The following participants were awarded the certificates signed by RSC Energia President V.A. Lopota and cosmonauts A. Borisenko and A. Samokutyaev: Sergei Aleksandrovich Adushkin (city of Saransk); Sergei Viktorovich Aleksandrov (Moscow); Mikhail Yurievich Koshelev (Moscow). Also their awards were given to the 1st - phase awarding phase finalists who had been unable to arrive on July 8th to receive their awards: Alexei Aleksandrovich Antonov (Saint-Petersburg); Dmitriy Vladimirovich Brovkin (Moscow); Boris Demkov (town of Zelenograd); Nikita Aleksandrovich Ikonnikov (town of Fryazino); Timur Sergeyevich Yudin (city of Korolev).


laika-1On November 3, 1957, less than a month after the triumphal launch of the first satellite, the Soviet Union announced the launch into orbit of the second artificial satellite of Earth. This time, it was a full-fledged scientific research lab in space, which made it possible to study the feasibility of a living being surviving the space environment. Unlike the first satellite, which was shaped as a sphere with a mass of 83.6 kilograms, the second satellite was an upgraded last stage of the R-7 launch vehicle, which carried power sources, containers and scientific equipment with the total mass of 508.3 kg. The maximum distance of the second satellite from the Earth surface was 1700 kilometers, which was approximately twice as high as the maximum altitude reached during the launch of the first satellite. Its orbital period was 103.7 minutes — 7.5 minutes more than the orbital period of the first satellite at the moment when it started its movement.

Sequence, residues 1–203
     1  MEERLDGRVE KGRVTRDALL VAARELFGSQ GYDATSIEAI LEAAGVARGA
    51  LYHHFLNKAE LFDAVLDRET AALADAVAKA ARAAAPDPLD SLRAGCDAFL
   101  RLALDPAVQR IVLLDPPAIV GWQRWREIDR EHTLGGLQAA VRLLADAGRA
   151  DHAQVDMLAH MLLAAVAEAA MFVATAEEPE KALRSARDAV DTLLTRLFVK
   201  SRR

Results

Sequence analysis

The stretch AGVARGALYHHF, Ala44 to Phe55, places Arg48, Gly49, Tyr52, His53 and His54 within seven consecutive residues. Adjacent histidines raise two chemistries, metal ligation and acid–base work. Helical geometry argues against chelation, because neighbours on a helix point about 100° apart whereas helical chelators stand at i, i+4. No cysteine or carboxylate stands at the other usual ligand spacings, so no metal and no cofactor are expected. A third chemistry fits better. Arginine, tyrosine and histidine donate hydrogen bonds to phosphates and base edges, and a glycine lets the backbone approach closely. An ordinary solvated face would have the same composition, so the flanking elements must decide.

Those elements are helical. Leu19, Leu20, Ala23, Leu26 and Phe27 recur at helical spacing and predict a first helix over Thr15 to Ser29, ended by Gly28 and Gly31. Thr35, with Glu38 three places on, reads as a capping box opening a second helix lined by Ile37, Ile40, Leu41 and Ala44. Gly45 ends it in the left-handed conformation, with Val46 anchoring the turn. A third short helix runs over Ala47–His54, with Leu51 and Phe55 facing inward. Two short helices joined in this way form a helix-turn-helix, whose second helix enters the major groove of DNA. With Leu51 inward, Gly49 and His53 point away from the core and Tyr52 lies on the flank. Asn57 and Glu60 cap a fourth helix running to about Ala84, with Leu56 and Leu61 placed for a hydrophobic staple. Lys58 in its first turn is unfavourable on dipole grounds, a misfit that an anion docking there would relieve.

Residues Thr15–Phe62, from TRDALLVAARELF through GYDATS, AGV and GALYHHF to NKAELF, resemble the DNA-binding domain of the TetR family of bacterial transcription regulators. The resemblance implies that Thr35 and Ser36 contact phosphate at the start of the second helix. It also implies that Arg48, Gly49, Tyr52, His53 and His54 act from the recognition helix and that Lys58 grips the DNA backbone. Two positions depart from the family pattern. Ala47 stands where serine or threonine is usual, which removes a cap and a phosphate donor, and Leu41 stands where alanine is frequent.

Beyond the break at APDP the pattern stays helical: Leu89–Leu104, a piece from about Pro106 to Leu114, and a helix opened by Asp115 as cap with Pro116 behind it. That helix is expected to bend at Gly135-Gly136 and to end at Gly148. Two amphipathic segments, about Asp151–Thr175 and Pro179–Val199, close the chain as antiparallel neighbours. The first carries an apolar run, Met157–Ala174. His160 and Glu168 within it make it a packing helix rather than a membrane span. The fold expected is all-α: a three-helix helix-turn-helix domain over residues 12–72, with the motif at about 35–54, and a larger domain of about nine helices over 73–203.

sokolovOn the eve of the 54th anniversary of the launch of the first artificial satellite of Earth, we (the editorial board of the Great Start project – editor’s note) we invited to the Korolev’s Planet web site an honored worker of science of Russia, doctor of engineering science, member of the Tsiolkovsky Russian Space Academy and of the International Academy of Astronautics, winner of the Lenin, State and RF government prizes, holder of the Order of Lenin, and, at present, RSC Energia President’s advisor Boris Sokolov and asked him to share with us his recollections about that great and unforgettable time.

54 years ago the first Earth artificial satellite was launched

When displaying TV broadcast from the International Space Station (ISS) “Selection of best answers to the experiment questionnaire by the ISS-27 cosmonauts” at the Korolev’s Plant website, the editorial staff of the Great Start space experiment promised to keep sending answers to the questionnaire questions to the ISS.
The editorial staff kept their promise. On August 19, 2011 the ISS-29 cosmonauts Sergey Volkov, Alexander Samokutyaev, and Andrey Borisenko became familiar with the answers to questions of the Great Start experiment questionnaire, which could be found at the Korolev’s Planet website from April 28, 2011 through August 5, 2011, and designated the names of eleven participants, whose answers they liked most of all.
See the second series of TV broadcast from the International Space Station “Selection of best answers to the Great Start experiment questionnaire”.
Keep sending your questionnaires, and possibly your answers of all others will be selected by cosmonauts next time.